By Caroline Foulger
Mutual Wills are Wills made by two or more individuals who agree not to cancel them without the agreement of the other(s). They have created a contract between them not to cancel or change their Wills; this agreement is legally binding and can be enforced, as is the case with any contract.
For some couples, the idea of entering into Wills which mirror each other and cannot be varied or cancelled once one has died may seem appealing, and there are some circumstances where they are appropriate. Families are increasingly less nuclear than they have been in previous generations and can stem from multiple relationships. There may be good reason to crystallise, once the first of a couple has died, who will benefit on the death of the survivor, especially if the survivor has inherited the estate of the first to pass away.
In the recent case of Legg and others v Burton and others  the High Court held that a married couple had made mutual Wills, on the basis of evidence of an express promise to each other not to revoke them.
In this case, subsequent to the mutual Will and following the death of her husband, the deceased made thirteen Wills which differed to the Will she agreed with her husband. The Court ruled that the deceased had promised her husband not to change or revoke her Will, and that he had relied on that promise. Accordingly, it was that mutual Will which dictated who benefited from the widow’s estate, and not any of the thirteen Wills she made subsequently.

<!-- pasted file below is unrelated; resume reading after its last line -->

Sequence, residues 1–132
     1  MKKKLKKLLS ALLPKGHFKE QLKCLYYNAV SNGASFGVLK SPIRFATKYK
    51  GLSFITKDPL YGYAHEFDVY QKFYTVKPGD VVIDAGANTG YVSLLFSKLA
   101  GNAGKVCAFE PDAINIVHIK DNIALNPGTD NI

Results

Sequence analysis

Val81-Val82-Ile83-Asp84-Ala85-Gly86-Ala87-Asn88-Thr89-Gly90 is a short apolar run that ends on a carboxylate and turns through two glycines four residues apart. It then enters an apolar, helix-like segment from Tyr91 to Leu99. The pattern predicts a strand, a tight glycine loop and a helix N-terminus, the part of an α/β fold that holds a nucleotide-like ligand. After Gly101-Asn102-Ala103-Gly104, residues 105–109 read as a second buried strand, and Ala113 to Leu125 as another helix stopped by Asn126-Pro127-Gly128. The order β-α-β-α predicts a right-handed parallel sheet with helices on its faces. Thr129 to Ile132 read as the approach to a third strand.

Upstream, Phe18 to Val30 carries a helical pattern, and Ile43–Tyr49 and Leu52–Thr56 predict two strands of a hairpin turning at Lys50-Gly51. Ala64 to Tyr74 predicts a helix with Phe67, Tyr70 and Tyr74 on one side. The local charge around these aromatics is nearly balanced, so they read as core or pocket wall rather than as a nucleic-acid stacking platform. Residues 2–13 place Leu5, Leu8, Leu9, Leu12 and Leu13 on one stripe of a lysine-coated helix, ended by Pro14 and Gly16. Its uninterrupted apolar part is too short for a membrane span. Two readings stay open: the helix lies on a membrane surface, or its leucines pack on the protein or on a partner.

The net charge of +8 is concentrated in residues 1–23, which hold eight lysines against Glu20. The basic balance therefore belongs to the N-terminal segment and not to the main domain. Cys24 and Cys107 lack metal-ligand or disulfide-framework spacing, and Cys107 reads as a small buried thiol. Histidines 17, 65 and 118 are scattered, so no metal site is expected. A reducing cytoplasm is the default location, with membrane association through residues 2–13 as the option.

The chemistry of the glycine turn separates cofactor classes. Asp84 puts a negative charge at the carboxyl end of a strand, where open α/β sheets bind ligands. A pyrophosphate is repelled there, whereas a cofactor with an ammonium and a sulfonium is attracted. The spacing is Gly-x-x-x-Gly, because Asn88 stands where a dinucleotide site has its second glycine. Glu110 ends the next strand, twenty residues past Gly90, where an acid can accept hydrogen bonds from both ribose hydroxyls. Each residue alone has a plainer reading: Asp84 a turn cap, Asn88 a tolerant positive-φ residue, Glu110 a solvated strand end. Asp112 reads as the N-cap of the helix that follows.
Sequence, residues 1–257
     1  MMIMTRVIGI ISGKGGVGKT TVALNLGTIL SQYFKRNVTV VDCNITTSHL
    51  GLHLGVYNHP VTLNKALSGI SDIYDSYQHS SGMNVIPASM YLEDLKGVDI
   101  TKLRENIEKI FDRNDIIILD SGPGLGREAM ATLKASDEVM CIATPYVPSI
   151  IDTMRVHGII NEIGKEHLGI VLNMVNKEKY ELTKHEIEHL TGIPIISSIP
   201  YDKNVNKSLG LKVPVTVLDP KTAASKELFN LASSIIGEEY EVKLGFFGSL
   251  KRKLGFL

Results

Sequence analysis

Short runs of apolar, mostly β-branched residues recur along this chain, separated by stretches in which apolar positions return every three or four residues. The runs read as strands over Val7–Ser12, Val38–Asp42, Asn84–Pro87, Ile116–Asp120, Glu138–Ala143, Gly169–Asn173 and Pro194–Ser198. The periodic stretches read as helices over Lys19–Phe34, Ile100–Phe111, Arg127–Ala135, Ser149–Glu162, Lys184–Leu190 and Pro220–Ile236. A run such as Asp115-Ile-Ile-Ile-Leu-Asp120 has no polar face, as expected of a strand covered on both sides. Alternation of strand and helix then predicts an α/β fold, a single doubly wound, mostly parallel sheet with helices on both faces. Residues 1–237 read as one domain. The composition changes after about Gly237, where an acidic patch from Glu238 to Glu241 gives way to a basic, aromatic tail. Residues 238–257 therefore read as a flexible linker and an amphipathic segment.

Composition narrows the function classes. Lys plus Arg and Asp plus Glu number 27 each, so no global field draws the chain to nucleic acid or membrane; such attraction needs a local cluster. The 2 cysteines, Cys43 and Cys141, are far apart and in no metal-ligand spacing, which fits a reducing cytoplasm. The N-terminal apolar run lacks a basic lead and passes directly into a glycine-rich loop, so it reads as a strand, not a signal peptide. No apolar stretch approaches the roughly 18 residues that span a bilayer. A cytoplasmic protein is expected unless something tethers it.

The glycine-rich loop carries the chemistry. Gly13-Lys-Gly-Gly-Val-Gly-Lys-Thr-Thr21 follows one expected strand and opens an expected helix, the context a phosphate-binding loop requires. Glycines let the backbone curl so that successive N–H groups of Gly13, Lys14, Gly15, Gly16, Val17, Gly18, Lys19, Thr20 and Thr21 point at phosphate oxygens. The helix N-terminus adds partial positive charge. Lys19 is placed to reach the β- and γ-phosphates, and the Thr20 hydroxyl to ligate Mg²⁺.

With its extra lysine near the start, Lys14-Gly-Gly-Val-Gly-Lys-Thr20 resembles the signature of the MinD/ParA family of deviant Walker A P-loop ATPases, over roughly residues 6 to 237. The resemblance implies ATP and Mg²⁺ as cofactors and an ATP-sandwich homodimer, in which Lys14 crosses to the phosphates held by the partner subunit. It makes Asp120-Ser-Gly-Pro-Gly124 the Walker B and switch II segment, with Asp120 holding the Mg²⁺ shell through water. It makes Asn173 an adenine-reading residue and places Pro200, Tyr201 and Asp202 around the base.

The personal representatives of the widow were therefore ordered to hold her estate on a trust on the terms of the mutual Will. The widow had lost any ability to change her wishes once her husband had died; crucially, this restriction applied to her own assets, as well as those she inherited from him.
Whilst mutual Wills may be appropriate in some situations, they are often not the most suitable approach. There are other ways to structure Wills, such as using trusts, that are more appropriate and achieve the desired outcome of crystallising who benefits from your estate once your partner has died, whilst enabling them to benefit from your estate whilst they are alive.
Sometimes mutual Wills are created inadvertently, without a full understanding of the consequences. This is one of the reasons why obtaining legal advice when making your Will is so important. Unintentionally putting in place mutual Wills can result in costly and lengthy disputes over estates.
Equally, establishing mutual Wills when this is not the appropriate structure can cause problems. For example, if the survivor wants to consider Inheritance Tax planning measures in the future, the ability to do this may be curtailed.
At TWM, we have a dedicated team of experts across our offices who specialise in Wills ranging from the simple to the more complex and we can advise you about the best structure to achieve your wishes.
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